Fulton teen reunited with friends, family

By Adam Armour/The Itawamba County Times

When Fulton’s McKenzie King opened the passenger side door of her family’s SUV and put her feet to the pavement, she was greeted with the kind of thunderous applause befitting a celebrity.

She was smiling as the crowd of more than 100 people — friends, family, teachers — surged around her. Slowly but steadily, she made her way through the crowd, in turn hugging one person after another.

“There are so many people I need to see,” she said, and the crowd laughed.

For someone who, about a month ago, wasn’t supposed to ever walk again, Fulton’s McKenzie King seemed to be doing pretty darn well.

King, who has been hospitalized since July, arrived home last week to a great deal of fanfare. Her family was escorted into town by a cadre of police cruisers, which led the family to Itawamba Agricultural High School, where dozens of supporters awaited her.

Many of the crowd were decked in yellow clothes — McKenzie’s color — and holding supportive signs. Some carried umbrellas — a tangible metaphor for the popular Christian expression, “If you pray for rain, you better bring an umbrella.” Members of the school band played as her family’s vehicle approached.

Believe it or not, this display represented just a portion of the wave of support McKenzie and her family have seen since the beginning of her ordeal. Her online support group has more than 15,000 members from all across the country, and hundreds turned out in July for a nighttime prayer vigil.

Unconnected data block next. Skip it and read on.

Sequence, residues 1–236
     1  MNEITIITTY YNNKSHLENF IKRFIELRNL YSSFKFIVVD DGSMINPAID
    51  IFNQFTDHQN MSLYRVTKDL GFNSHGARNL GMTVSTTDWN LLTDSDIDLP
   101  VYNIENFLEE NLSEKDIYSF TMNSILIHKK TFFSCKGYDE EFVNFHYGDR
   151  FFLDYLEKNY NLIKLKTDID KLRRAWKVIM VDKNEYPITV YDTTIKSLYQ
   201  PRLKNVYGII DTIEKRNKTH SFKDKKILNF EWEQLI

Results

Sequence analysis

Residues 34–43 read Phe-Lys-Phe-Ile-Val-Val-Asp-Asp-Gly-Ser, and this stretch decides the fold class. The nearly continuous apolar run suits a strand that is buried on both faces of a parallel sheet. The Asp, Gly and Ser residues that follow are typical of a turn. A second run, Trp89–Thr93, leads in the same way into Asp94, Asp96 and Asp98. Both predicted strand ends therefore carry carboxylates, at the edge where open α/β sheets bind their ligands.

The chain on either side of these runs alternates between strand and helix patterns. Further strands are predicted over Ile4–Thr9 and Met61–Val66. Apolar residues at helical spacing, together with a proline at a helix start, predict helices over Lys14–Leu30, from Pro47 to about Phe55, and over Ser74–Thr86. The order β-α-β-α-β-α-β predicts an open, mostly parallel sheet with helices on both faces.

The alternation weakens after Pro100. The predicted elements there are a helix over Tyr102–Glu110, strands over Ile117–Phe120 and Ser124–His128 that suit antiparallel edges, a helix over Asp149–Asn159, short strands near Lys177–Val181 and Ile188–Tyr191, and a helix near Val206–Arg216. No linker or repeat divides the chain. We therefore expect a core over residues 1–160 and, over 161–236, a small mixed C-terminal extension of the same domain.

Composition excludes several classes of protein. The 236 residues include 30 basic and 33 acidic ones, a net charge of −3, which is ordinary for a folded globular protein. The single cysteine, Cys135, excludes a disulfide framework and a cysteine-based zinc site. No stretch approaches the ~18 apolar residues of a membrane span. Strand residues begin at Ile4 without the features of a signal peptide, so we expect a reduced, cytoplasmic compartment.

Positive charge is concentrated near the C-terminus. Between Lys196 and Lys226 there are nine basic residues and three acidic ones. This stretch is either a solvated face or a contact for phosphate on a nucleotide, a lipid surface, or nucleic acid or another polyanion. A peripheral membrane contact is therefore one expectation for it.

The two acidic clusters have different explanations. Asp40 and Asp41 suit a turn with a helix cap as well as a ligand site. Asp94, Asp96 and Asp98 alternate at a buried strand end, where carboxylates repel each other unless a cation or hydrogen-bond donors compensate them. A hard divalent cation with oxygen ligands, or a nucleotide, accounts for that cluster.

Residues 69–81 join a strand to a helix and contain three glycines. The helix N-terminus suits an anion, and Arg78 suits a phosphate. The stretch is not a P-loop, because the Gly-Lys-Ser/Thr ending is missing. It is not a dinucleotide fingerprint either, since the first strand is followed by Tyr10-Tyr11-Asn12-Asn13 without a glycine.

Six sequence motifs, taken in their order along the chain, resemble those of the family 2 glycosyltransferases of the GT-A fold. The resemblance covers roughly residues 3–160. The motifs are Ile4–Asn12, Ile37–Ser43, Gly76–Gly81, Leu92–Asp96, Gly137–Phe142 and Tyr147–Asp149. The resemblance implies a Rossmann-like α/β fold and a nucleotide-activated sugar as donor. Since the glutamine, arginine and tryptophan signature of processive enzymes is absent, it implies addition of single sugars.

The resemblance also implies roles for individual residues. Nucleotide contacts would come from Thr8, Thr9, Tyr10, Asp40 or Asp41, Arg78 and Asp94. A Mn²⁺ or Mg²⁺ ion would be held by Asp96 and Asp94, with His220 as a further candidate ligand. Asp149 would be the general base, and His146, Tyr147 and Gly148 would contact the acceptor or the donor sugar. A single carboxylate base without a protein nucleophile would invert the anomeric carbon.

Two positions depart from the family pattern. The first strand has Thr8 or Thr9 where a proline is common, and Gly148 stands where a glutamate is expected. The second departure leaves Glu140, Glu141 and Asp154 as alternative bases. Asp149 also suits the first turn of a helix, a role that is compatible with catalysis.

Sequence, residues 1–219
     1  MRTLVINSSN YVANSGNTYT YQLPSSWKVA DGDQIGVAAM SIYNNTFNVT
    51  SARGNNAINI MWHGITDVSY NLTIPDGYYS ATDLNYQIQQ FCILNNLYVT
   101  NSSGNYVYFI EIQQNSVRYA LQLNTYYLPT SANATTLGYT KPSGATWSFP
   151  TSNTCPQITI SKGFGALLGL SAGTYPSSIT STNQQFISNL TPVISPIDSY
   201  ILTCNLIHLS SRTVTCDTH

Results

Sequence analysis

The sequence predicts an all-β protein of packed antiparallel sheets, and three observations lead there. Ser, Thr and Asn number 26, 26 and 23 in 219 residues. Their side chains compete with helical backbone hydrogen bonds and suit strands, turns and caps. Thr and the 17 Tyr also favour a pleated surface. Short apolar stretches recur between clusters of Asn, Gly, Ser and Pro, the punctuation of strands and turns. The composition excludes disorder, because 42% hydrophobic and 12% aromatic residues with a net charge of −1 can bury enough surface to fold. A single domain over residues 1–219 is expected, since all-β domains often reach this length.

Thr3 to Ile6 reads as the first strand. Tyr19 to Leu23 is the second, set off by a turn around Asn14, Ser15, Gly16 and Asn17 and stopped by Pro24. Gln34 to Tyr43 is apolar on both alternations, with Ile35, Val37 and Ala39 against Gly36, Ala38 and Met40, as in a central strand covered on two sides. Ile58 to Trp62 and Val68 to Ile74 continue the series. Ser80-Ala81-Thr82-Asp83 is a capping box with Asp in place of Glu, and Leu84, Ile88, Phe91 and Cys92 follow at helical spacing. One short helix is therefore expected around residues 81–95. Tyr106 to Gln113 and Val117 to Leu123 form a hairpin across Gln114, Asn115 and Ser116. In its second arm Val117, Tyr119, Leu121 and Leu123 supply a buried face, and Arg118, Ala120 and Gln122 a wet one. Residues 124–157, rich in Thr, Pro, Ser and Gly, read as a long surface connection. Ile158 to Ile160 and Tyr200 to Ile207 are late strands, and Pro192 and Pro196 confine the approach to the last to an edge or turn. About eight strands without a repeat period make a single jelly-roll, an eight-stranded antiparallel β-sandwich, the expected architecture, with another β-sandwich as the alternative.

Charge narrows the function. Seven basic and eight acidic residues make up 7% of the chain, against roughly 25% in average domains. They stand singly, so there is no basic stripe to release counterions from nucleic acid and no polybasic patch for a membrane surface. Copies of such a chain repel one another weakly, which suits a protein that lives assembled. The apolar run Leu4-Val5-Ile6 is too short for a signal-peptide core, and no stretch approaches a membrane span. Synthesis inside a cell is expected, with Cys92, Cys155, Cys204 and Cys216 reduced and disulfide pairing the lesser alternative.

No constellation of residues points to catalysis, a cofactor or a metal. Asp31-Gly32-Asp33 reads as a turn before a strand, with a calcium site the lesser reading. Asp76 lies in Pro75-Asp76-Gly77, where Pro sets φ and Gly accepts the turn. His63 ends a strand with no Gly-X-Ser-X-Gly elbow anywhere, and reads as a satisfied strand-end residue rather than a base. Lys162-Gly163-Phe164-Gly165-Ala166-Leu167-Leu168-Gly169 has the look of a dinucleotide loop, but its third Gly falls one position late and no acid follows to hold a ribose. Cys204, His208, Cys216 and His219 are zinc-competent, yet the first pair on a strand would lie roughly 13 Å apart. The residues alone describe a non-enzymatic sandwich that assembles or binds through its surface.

“We are so blessed to have a community that would rally around McKenzie and our family like it has,” McKenzie’s mother, Sherree, said.

McKenzie was hospitalized in Le Bonheur Children’s Hospital in Memphis on July 29 to remove a cyst from her brain. Following surgery, she suffered a stroke and remained in a medicine-induced coma for weeks.

Following her stroke, McKenzie’s condition ebbed and flowed. One day, she would seem better; the next, she’d take a turn for the worse. Doctors couldn’t say the extent to which she would ever recover: She might not ever talk again or walk again. The only thing that was certain was uncertainty.

But, miraculously, King’s condition has improved over time, culminating in her chance to come home last week. It was a tearful reunion with people who haven’t seen her in months, but who have thought about her constantly.

King is a recent graduate of Itawamba Agricultural High School. Last year, she was featured as Belle in the local production of “Disney’s Beauty and the Beast.” She is a travel enthusiast, devotee of her spirituality and a lover of music.

She is also, quite apparently, very much loved.


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